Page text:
From Bad to Worse at Duke
In a sign of how bad things have become for Duke University's lacrosse team, a lawyer for a majority of the players on Wednesday cited the extreme offensiveness of an e-mail message from one of them as evidence that they weren't trying to cover up a rape.
The e-mail message from a player to other players came shortly after a party at which a woman -- hired to appear at the party as a dancer -- says she was raped by three lacrosse players. In the e-mail message, the player said he would hire strippers for another party at which he planned "on killing the bitches as soon as the walk in and proceding to cut their skin off while cumming in my duke issue spandex." (Text is verbatim from the e-mail.)
The e-mail message became public Wednesday when a state court unsealed a warrant related to gathering evidence in the case. Duke has faced a growing scandal since the March 13 party. The accusations have set off nationwide discussions over the role of athletics, gender and race -- the woman who filed the complaint is black and the lacrosse team whose party she was hired to perform at is almost entirely white. The case has created tensions at Duke, where some have said that the administration has moved too slowly against the team, while others have stressed the importance of due process.
The university acted swiftly Wednesday after the warrant was released. President Richard H. Brodhead announced that he was canceling the lacrosse season -- which had previously been suspended, pending the outcome of legal inquiries. He also announced that Mike Pressler, the lacrosse coach and a highly successful one at that, was resigning.
In his previous statements about the situation, Brodhead had noted the importance of the principle of assuming innocence until someone is proven guilty. Wednesday's statement, in contrast, did not contain such references. It called the contents of the warrant "sickening and repulsive" and noted that the university is able to impose an interim suspension on students in some cases. The university did not indicate whether anyone had been suspended.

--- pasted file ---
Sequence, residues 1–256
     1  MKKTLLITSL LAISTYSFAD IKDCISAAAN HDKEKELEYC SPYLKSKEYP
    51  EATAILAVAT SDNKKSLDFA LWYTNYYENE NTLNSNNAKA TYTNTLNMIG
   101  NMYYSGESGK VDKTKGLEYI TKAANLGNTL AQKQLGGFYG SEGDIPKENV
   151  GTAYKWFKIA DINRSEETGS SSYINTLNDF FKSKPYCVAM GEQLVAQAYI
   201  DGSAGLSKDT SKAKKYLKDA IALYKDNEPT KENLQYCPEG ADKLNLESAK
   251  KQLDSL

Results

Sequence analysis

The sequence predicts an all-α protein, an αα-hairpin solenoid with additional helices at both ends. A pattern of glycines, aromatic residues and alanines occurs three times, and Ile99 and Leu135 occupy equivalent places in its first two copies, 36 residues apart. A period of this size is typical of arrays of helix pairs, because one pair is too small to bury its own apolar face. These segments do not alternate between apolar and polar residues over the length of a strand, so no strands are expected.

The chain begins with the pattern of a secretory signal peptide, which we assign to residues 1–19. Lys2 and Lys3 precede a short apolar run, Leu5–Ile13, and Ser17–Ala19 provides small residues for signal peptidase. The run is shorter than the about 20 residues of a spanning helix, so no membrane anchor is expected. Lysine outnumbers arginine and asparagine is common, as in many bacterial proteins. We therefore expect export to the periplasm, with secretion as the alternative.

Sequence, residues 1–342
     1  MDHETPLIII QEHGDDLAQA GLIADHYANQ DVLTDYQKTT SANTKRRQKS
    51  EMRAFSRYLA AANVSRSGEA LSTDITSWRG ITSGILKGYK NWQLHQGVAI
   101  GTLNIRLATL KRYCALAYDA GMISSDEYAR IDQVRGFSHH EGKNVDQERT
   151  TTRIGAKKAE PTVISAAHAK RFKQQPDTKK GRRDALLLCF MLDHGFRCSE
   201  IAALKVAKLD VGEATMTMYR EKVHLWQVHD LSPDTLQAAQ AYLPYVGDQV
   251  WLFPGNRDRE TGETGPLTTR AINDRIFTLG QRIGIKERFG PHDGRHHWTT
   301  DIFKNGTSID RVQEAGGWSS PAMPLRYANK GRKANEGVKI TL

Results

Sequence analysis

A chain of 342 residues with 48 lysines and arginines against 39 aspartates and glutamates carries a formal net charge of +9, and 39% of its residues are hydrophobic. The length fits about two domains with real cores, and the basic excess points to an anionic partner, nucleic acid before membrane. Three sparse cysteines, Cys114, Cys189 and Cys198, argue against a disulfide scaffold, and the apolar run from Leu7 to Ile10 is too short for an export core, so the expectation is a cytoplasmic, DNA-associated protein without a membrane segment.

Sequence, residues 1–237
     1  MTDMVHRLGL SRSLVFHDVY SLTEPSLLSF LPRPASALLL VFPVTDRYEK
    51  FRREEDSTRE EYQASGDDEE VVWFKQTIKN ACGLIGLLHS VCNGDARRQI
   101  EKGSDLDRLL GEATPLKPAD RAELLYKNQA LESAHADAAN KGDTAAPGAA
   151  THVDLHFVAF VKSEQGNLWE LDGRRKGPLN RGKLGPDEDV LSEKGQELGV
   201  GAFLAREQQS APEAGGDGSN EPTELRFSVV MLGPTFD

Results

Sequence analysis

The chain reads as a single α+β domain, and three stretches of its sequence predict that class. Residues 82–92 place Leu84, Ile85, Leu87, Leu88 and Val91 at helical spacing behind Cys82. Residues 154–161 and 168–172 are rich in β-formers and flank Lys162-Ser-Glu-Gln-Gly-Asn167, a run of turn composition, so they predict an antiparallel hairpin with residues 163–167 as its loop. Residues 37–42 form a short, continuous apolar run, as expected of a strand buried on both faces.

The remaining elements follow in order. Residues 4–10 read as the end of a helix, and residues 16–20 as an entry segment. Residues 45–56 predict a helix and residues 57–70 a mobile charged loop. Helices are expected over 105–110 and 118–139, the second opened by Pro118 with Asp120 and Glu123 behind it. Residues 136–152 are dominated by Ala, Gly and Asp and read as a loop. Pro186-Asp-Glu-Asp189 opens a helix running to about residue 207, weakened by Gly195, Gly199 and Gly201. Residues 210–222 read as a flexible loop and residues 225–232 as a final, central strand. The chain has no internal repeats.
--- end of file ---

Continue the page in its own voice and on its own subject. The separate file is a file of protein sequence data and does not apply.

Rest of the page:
Later Wednesday, Brodhead released a letter to Duke students and faculty members in which he outlined a series of steps Duke would be taking:
- An investigation of "reports of persistent problems involving the men's lacrosse team, including racist language and a pattern of alcohol abuse and disorderly behavior."
- An investigation by non-Duke officials of the way Duke's administration responded to the scandal.
- An examination of the judicial system for students at Duke.
- A study to suggest ways to improve "campus culture" at Duke.
- The creation of a special panel to advise the Duke president.
Lawyers for the lacrosse players -- and the athletes themselves -- have repeatedly denied that any sexual assault took place. And they have noted repeatedly that no charges have been filed. But the warrant provided more evidence backing the claims of the woman who brought the complaint -- a woman who is a student at North Carolina Central University. The warrant said, for example, that the woman was examined at a Duke emergency room after the incident by a physician and by a forensic sexual assault nurse and that the medical records indicated "signs, symptoms, and injuries consistent with being raped and sexually assaulted vaginally and anally."